What does a music producer do? If his name is Quincy Jones, a little bit of everything: conducting, arranging, composing. Assembling teams of ace session musicians. Sometimes, even picking a catchy title and telling an artist to go write a song about it— would “Thriller” have worked as well if it had been called “Starlight”? Quincy Jones was pop’s Renaissance Man, and he could not be limited either by genre or by role. He played in jazz bands…produced teen pop hits…discovered young talent…scored Hollywood films…helped invent Yacht Rock and Yacht Soul…even released hit albums under his own name featuring cavalcades of guest vocalists. And he worked with so! many! legends! Ray Charles, Frank Sinatra, Little Richard, Lesley Gore, Aretha Franklin, Chaka Khan … and all that happened before he even met a former child star named Michael Jackson and helped him produce the best-selling album in history. No wonder only Quincy had the clout to wrangle the superstars for the recording of “We Are the World.” Join Chris Molanphy as he tells the story of the music man who truly did it all and is known affectionately by the letter Q. He made the world a better place for you and me. Podcast production by Kevin Bendis. Host Chris Molanphy Learn more about your ad choices. Visit megaphone.fm/adchoices

50 mins

15 June Finished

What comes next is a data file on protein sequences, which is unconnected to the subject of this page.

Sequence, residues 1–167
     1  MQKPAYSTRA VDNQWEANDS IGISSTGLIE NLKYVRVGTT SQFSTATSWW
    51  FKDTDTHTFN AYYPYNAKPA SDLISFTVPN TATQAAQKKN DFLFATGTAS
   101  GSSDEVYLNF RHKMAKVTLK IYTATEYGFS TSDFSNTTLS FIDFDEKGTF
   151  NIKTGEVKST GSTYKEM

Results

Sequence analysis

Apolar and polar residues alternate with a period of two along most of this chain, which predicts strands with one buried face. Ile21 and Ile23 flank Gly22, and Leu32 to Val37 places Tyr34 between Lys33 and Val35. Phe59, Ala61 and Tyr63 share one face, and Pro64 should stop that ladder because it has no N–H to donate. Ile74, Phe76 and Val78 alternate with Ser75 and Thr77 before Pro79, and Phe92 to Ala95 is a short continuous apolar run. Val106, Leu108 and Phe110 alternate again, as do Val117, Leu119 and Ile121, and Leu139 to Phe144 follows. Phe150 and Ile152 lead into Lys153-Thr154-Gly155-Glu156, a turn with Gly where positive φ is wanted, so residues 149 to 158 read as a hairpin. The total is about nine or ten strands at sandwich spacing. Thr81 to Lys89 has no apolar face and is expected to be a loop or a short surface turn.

Be My Baby-Baby-Baby Edition Part 2

Be My Baby-Baby-Baby Edition Part 2

Girl groups have long been underestimated—even by the producers and managers who created them. For women listeners, girl groups narrated profound emotions and expressed personal freedom—even when the singers were not so free themselves. For male listeners, girl groups provided inspiration, and a way to express matters of the heart. And for all listeners across rock and soul history, girl groups pushed music forward. In the ’60s, the Shirelles, Marvelettes, Ronettes and Shangri-Las kept rock afloat between Elvis Presley and the Beatles. In the ’70s and ’80s, girl groups from the Emotions to Exposé rebooted dance music. In the ’90s, En Vogue, TLC and Destiny’s Child fused hip-hop style with old-school soul—and the Spice Girls fired up a new generation through Girl Power. Join Chris Molanphy as we shimmy and strut through decades of bops to give girl groups the respect they deserve. You’ll love them tomorrow, because friendship never ends. Podcast production by Kevin Bendis. Want more Hit Parade? Join Slate Plus to unlock monthly early-access episodes. Plus, you’ll get ad-free listening across all your favorite Slate podcasts. Subscribe now on Apple Podcasts by clicking “Try Free” at the top of our show page. Or, visit slate.com/hitparadeplus to get access wherever you listen. Learn more about your ad choices. Visit megaphone.fm/adchoices